Commitment to Succeed By Ryan Raasch

My parents always tell me that when I was born it was one of the happiest days of their lives, but I know it was also one of the scariest. Eight hours after I arrived the doctors noticed that I wasn’t breathing right, so they began to stroke my back to help my breathing. Those first few days of my life I continued to have the same issue so the nurses kept a constant watch over me to assist. Still concerned, and although I was merely an infant, the doctors had me undergo a Cat Scan which revealed that I had a stroke.

Not surprisingly, my parents were instantly frightened. They were understandably in shock, having just met me and fallen in love at first sight with their son, and then having to comprehend that something was wrong with me. Throughout the day I began to get worse as my seizures continued. The doctors then told my parents to prepare themselves that I likely wouldn’t make it through the night.

My parents tell me that what happened after that was more of a miracle. They spread the word that I was sick and it wasn’t looking good for me. In response, many people that didn’t know our family began to pray for me. Somehow I made it through the night and into the next day. From this experience my family felt that there might be hope. But given I would continue to have seizures and not really improve, the doctors warned my parents that I would not be able to walk or talk. Although, they felt feelings of anger, sadness and frustration, my parents were determined to have me both walk and talk and beat the odds. And so, when I was only three weeks old, I began physical and occupational therapy. I believe because of their “never say never” attitude, I learned to accomplish things the doctors thought were impossible. My parents brought me in everyday to have the therapists work with me, and also spent countless hours on their own with me. Thanks to their perseverance, and despite the doctors’ assumptions, I was able to walk and talk from the age of 1 ½! And to make sure I continue to be my very best, I still go to physical therapy to help with the strength and balance of my right leg and arm.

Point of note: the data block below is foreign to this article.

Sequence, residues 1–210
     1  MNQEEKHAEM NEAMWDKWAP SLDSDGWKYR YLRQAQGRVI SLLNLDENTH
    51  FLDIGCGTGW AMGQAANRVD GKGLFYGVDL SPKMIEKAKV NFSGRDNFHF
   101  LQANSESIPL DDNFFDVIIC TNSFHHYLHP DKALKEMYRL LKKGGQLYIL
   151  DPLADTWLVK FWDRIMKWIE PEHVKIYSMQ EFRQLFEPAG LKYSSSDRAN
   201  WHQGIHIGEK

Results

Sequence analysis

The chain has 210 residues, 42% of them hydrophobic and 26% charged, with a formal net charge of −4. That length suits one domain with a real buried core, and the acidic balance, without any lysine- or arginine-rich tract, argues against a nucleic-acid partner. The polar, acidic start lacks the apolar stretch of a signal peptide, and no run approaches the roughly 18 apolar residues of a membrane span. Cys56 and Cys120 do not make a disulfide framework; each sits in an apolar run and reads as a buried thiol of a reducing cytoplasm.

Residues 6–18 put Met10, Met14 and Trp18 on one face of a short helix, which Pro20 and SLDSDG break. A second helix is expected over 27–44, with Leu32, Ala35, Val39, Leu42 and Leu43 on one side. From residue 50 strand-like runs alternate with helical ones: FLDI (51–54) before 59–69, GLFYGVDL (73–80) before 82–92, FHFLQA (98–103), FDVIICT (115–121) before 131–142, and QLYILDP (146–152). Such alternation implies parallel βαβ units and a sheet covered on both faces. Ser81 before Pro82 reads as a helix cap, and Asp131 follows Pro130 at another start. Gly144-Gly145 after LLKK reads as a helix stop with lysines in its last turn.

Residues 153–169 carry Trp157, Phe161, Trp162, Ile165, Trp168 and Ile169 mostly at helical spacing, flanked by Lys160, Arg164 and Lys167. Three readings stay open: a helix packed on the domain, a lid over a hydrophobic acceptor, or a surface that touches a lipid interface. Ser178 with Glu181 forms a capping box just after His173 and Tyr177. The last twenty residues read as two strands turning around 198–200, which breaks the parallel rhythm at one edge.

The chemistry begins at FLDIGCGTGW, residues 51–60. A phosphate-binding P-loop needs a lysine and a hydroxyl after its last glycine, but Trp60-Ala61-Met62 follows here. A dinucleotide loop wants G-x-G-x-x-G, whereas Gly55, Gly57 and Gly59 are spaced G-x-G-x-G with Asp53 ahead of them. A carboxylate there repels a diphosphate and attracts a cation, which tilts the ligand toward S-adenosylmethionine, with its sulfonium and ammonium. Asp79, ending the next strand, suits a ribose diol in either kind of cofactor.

Growing up I don’t think I fully understood my disability and the effect it had on me until I reached middle school. At first I was accustomed to, and therefore, always accepted the help of others. As I grew up, however, I wanted to be able to do things more independently. Despite my determination, it was difficult to do certain things that I hoped would be easy. I had no choice so I tended to ask for help from my parents and sometimes my younger sister. For example, my family would help me with things like tying my shoes, getting clothes on over my brace and buttoning shirts. We researched options to make it easier for me, watched endless YouTube videos and also consulted with occupational therapists. Thankfully, it all helped and made it easier for me to dress myself on my own. Eventually, I was able to tie my own shoes and started to button collared shirts with my left hand using my right hand as support! This became second nature to me and was how I approached every situation whether it was difficult for me or not. Even with my huge accomplishments it was still very tedious.

Despite my disability, I was given the opportunity to play sports. I was active and involved in many different sports, but my love for basketball stood out among the rest. When I reached high school, I was given a chance to be on the varsity basketball team. This was an amazing experience, but also full of ups and downs. At the start of my junior season I had to be able to change into my basketball uniform and tie my shoes quickly to make it to practice on time. The warm up bottoms were button downs, which made things even more difficult. Many times I would have to ask my teammates for help and luckily they were more than willing. My family and I tried to think of ways to adapt to these things, but unfortunately there was nothing I could do about the pants except ask for help. For the shoes, we were able to get ahold of someone from Nike who was able to send me adaptable shoes that had zippers and velcro instead of laces. Luckily they are made not only for sports, but everyday life. These shoes were my first experience with adaptive clothing and they made my life so much easier. That’s why Runway of Dreams’ mission to make adaptive fashion mainstream is so important. Everyone needs to get dressed and everyone wants to dress the way they like. Adaptive apparel makes that possible.
Although I have had many people and programs that have helped me adapt and make my life easier, I have always tried to inspire others by way of showing people that I can do anything I set my mind to. Runway of Dreams is helping me achieve my goal of even greater independence and they are helping me do it in style!


One Response to “Commitment to Succeed By Ryan Raasch”

  1. AnnAugust 15, 2018 at 7:19 pm #

    It brings tears of joy to my eyes to see Ryan’s story published. He is an amazing individual. He is also my nephew. I’ll never forget the day he was born, the struggles, the triumphs and ulultimately the outstanding young man is today.
    He will continue to succeed.

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